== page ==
Dear Vattenfall: Congratulations
26 July 2023
Dear Mrs Borg,
I am writing to congratulate you on your recent decision to stop the development of the Norfolk Boreas projects. I would also like to thank Vattenfall and you specifically as CEO for your global leadership.
I could write this letter to many of your counterparts of course, including Mr Nipper (CEO Orsted), as alongside yourself there are thankfully many players active in our critical sector that are showing strong financial discipline. And that is the crux of my message: in the face of huge social and shareholder pressure to deliver new clean power I applaud Vattenfall for having stayed true to its primary responsibility; creating long term value for your shareholders and honouring your company’s strong social responsibilities.
The world at large is rightly looking to the private sector to lead the way in delivering a just and minimum cost energy transition, supported by appropriate and disciplined public policy. While committing capital to these projects, especially mega projects such as Norfolk Boreas, is a key way of us rising to the challenge, nobody would be well served from capital blindly delivering these projects at a level of return that does not compensate for the risk that capital takes. Vattenfall is a very large organisation that thankfully can afford to write off costs spent to date and while that may be slightly painful for your shareholders (less so admittedly than if you proceeded to ultimately build the site at a too low IRR) there is a bigger message at play here: the energy transition has to be done in an economically sustainable way and not through acts of great corporate ‘philanthropy’.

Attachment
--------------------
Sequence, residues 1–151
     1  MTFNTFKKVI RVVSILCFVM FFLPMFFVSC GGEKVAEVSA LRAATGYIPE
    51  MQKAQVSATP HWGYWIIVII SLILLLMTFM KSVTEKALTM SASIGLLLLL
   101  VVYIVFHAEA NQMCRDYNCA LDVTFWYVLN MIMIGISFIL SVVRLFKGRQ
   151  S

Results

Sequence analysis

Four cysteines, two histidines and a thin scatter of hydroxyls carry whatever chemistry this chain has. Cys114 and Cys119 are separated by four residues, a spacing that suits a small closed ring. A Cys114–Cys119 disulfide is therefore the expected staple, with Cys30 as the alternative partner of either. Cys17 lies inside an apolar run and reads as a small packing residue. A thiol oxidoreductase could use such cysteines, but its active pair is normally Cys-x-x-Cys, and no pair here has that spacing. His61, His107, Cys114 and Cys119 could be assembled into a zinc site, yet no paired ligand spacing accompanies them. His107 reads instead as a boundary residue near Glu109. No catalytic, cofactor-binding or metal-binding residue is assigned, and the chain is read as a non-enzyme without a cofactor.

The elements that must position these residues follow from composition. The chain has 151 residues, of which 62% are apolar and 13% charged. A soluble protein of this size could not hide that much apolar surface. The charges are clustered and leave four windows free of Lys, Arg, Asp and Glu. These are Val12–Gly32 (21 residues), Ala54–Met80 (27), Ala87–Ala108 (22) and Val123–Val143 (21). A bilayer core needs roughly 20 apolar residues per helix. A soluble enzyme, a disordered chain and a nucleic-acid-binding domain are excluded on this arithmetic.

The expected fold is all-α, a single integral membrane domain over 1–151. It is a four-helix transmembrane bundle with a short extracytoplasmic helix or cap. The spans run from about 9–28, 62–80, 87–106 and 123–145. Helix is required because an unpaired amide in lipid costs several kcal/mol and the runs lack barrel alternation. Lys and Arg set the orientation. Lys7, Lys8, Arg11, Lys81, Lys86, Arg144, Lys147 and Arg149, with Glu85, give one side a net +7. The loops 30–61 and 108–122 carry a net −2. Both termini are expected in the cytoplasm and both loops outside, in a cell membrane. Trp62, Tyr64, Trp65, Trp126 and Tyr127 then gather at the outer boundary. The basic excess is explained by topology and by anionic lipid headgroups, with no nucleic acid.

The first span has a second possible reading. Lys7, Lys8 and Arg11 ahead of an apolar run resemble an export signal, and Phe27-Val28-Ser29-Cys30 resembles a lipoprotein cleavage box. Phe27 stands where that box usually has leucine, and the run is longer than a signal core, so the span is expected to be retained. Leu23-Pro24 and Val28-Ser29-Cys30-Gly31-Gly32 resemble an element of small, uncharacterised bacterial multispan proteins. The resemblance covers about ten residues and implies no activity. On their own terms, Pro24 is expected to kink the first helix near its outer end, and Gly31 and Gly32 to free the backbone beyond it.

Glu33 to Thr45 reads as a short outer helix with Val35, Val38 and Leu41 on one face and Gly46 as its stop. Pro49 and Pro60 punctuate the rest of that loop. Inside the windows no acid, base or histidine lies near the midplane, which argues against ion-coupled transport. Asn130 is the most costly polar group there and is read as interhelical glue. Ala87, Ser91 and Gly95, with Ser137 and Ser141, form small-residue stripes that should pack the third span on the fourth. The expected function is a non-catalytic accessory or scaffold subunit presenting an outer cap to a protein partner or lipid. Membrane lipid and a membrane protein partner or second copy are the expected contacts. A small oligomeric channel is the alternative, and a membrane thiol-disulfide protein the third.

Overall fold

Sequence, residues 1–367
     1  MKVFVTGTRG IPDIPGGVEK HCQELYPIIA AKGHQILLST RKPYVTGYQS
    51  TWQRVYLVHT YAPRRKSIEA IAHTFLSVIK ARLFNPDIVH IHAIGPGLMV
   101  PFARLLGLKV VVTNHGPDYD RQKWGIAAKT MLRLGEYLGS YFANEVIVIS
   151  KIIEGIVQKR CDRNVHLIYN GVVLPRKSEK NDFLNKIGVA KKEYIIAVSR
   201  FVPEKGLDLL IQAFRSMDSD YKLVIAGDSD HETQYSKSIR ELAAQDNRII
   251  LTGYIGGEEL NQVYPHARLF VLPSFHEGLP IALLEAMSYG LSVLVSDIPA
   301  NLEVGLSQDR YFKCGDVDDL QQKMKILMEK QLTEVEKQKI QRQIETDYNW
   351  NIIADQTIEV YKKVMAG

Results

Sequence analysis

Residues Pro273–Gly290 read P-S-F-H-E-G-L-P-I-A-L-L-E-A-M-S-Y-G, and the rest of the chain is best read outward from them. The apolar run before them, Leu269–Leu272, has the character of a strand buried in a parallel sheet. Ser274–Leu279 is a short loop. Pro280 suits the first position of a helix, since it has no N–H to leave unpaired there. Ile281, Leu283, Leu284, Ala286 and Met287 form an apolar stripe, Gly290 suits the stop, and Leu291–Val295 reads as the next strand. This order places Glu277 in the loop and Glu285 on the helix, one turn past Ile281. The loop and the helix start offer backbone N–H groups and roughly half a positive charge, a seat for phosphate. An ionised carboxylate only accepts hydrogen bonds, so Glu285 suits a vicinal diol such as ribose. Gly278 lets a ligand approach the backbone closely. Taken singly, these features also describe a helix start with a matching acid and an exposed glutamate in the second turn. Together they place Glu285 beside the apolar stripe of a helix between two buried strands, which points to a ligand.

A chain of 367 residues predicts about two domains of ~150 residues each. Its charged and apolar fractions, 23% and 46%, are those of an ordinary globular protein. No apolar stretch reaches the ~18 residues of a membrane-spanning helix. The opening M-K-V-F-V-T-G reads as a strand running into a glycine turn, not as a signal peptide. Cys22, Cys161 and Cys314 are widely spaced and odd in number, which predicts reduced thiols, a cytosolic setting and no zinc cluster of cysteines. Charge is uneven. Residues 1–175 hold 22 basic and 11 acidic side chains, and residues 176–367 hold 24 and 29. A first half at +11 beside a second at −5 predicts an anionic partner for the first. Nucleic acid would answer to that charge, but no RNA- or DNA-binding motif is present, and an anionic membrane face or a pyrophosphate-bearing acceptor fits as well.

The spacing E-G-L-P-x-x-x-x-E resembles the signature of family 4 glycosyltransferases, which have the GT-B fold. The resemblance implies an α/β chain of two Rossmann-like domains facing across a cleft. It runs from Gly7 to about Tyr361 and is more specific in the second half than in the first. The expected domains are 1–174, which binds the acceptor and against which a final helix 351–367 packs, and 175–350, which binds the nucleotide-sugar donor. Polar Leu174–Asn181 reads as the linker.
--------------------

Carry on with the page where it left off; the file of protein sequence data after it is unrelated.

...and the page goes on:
My high praise would not be forthcoming if I thought Vattenfall had or could have anticipated the changing environment when submitting a CfD bid for your projects. In fact I would be highly frustrated to say the least. But I have no doubt you put forward a very thorough and well intended bid that would lead to a high chance of your projects being delivered. While any credible firm bidding into an auction will factor in viable downside scenarios, nobody – not even governments – forecast such an abrupt reversal of the favourable industry and economic conditions, although perhaps some did see parts of the supply chain crunch coming.
The economic and industrial situation is regrettable not least as it is temporarily slowing down the energy transition (and temporarily putting some upward pressure on costs), but we can’t blame anyone for most of the current predicament and parties must come together to explore all ways to deliver these projects at viable cost levels. Ultimately that is the questions governments need to answer in deciding whether to come back to the table for projects such as yourselves; could the winners have reasonably forecast these changes? Assuming the answer is no, the governments then need to decide if the additional costs can reasonably be socialised. I will say this: at least your chances are higher than if you were discussing with a corporate offtaker, to which Mr Nipper and others will clearly attest.
You are focused on a number of European markets but you will probably be aware the issue is global. We see these headwinds playing out across the world and in some cases are even exacerbated by well meant but poorly placed policy. They are nevertheless temporary and we expect momentum in the medium term to remain firmly with the deployment of renewables, especially under revenue schemes like the two-sided CFD which is surely the best way of ensuring these projects are built in a financially efficient way (albeit with as short a time as possible between auction award and financial close).
So if nobody is to blame for tenders that played out shortly before the change in macro-economic environment, what of parties winning tenders today? Well that is different and if those projects are not realised for the very headwinds we are facing right now, then there is in my opinion a level of accountability to those involved. Securing sites must not be seen as securing an option. The world cannot afford it.
Thank you again and I hope – together with industry and government – that you find an economically robust way of delivering Norfolk Boreas. If not the task of the worldwide energy transition is even bigger than we thought.
Green Giraffe Advisory